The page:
As seen in FIG. 2, the studs 5 extend below the base plate 2 as well as above it and, as will be described hereafter in more detail, the upstand height of the studs 5 above the base plate 2 can be adjusted by rotation of that portion 8 of the studs 5 which extends below the base plate 2. Essentially this adjustment mechanism arises because of a threaded engagement between the studs 5 and the base plate 2.
Also illustrated in FIG. 2 is a transducer beam 10 which has a length corresponding to the length of each row 6. At each end of the transducer beam 10 is a blind hole 11 into which the upper end of the corresponding row post 7 is able to be inserted. This arrangement enables the transducer beam 10 to be supported by the row posts 7 at a predetermined distance above the base plate 2.
Positioned along the transducer beam 10 with a spacing equal to the inter-stud spacing is an equivalent number of transducers 12. Each transducer 12 includes a vertically slidable plunger 13 and an electrical lead 14 which carries the output of the transducer. The transducers 12 are preferably linear variable differential transducers which are commercially available from Lucas Schaevitz of Pennsauken N.J. USA. The transducers 12 take the form of a coil assembly with a primary winding positioned between a pair of secondary windings and an interior magnetically permeable core. The core is movable with a plunger 13. Thus the transducer 12 produces an electric output which is proportional to the degree of elongation of the plunger 13 towards the bed 2. The electrical leads 14 are taken to an electronic feedback and control device 9 (FIG. 3) which preferably takes the form of a portable computer.
Also illustrated in FIG. 2 is an actuator trolley 20 which takes the form of a wheelled base 21 and an actuator beam 22. The actuator trolley 20 is able to be rolled in the direction indicated by arrows A and the actuator beam 22 is able to be raised and lowered in the direction indicated by arrows B by means of a conventional pivoting scissors linkage 23.
At each end of the actuator beam 22 is a T-shaped location device 24 each of which has a pair of apertures 25 spaced apart by a distance equal to the inter-stud spacing. Each of the apertures 25 is also engageable with the lower end of the row posts 7.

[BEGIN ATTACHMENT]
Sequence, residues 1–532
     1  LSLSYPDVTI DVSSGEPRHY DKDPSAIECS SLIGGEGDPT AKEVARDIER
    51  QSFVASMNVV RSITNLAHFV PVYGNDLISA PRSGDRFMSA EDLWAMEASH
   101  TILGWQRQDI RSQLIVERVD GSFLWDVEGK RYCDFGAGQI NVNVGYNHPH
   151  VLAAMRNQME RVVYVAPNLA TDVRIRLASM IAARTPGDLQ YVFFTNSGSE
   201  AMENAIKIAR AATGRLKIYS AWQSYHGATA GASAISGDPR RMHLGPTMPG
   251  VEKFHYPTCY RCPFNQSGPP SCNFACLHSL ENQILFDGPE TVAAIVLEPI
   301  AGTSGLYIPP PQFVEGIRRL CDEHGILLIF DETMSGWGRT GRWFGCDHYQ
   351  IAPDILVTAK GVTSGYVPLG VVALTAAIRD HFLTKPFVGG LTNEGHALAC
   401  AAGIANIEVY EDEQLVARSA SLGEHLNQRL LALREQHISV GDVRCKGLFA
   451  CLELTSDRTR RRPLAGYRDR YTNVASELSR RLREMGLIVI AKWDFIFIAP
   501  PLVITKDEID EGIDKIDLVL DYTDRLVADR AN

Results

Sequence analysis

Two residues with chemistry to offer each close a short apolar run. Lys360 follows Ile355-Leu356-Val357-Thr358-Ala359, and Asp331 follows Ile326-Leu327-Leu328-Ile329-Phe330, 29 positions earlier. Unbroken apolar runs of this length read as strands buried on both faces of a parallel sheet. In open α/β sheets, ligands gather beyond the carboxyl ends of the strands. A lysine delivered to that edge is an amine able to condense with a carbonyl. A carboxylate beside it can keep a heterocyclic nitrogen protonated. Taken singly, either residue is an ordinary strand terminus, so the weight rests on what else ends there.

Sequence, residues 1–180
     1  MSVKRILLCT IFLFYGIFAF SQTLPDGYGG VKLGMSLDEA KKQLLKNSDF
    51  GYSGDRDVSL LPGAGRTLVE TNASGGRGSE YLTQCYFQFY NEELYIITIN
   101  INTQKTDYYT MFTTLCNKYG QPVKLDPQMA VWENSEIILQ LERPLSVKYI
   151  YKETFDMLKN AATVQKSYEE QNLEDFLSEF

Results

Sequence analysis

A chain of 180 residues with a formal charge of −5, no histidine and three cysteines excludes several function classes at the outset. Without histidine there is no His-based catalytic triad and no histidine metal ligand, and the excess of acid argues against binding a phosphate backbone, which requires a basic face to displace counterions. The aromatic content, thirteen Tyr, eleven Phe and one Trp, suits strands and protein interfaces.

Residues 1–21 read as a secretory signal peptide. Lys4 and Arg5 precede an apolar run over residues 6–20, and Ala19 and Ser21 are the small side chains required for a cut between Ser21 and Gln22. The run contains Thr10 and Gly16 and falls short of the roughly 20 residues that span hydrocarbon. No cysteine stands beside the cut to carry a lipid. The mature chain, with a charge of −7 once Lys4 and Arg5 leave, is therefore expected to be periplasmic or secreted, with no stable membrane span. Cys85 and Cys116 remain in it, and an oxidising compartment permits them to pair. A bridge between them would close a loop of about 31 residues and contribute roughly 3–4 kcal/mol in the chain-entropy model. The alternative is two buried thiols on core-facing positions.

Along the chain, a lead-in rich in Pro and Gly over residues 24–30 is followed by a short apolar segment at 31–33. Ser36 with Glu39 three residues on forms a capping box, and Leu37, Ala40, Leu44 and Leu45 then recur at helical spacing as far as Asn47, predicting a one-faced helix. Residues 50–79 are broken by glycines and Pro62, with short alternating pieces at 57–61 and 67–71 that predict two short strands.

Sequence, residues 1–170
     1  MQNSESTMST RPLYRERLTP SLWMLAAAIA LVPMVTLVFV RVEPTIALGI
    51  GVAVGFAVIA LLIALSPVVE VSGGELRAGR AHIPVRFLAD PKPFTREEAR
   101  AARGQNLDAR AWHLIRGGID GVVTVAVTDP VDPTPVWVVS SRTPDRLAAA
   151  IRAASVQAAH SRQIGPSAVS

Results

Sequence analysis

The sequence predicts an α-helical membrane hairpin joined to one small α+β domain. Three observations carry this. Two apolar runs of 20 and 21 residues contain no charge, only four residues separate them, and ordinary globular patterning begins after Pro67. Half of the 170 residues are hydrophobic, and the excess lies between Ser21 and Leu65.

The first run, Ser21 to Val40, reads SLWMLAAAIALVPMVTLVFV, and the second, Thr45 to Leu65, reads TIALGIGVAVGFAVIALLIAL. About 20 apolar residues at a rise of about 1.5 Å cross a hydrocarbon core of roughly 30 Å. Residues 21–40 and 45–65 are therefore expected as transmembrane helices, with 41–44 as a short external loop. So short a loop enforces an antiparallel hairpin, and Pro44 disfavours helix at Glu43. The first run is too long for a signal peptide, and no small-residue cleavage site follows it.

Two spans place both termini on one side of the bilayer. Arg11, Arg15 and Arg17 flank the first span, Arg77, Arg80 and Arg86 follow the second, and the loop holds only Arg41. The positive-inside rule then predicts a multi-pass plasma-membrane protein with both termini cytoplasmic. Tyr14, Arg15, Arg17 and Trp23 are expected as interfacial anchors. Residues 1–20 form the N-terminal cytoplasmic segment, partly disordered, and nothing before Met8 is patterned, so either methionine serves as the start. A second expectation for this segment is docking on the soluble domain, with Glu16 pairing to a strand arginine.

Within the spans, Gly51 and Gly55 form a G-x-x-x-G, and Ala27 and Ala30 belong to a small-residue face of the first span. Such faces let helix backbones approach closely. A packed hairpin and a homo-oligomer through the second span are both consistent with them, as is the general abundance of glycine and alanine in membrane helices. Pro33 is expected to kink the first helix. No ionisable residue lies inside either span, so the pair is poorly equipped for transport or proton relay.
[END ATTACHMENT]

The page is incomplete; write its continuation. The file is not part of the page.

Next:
Positioned along the actuator beam 22 and equally spaced are a number of stud upstand adjusting actuators 26 to be described in more detail hereafter. Essentially the actuators comprise a stepping motor 27 and a vertically extending shaft 28 rotatable thereby. The spacing between the actuators 26 is an integral multiple of the inter-stud spacing. In the preferred embodiment the multiple is two. Each of the stepping motors 27 is individually controlled by the substantially conventional feedback and control device 9.
In order to adjust the upstand height of the studs 5 of the row illustrated in FIG. 2, the transducer beam 10 is first lifted into position over the row and maintained at the predetermined height above the base plate 2 by resting on the top of the row posts 7. As a consequence, each of the plungers 13 of the transducers 12 comes into contact with the top of the corresponding stud 5 and thereby sends a signal via its electrical lead 14 to the control computer indicating the upstand height of each of the studs 5. With the actuator trolley 21 wheeled into position under the row, as illustrated in FIG. 2, the actuator beam 22 is raised so as to engage the left hand aperture 25 of each of the pair of apertures 25, with the lower end of the row posts 7. This brings the shaft 28 of each of the actuators 26 into engagement with the portion 8 of the odd numbered studs 5 (counting from the right as seen in FIG. 2).
Once this engagement has been achieved, the stepping motors 27 can be operated to rotate the portions 8 and hence adjust the upstand heights of the studs 5 in accordance with the desired upstand heights determined by the reflector profile to be constructed. The desired heights for each of the studs 5 are stored in the memory 19 of the feedback and control device 9.
After the odd numbered studs 5 have been so adjusted, the actuator beam 22 is lowered and rolled to the left as seen in FIG. 2 in order to align the lower end of the row posts 7 with the right hand apertures 25 as seen in FIG. 2. Because the spacing between the apertures 25 corresponds to the inter-stud spacing, when the actuator beam 22 is then raised this engages the shafts 28 with the portions 8 of the even numbered studs 5 (again counting from the right as seen in FIG. 2). Consequently the even numbered studs 5 can be adjusted by operation of the stepping motors 27 under control of the feedback and control device 9.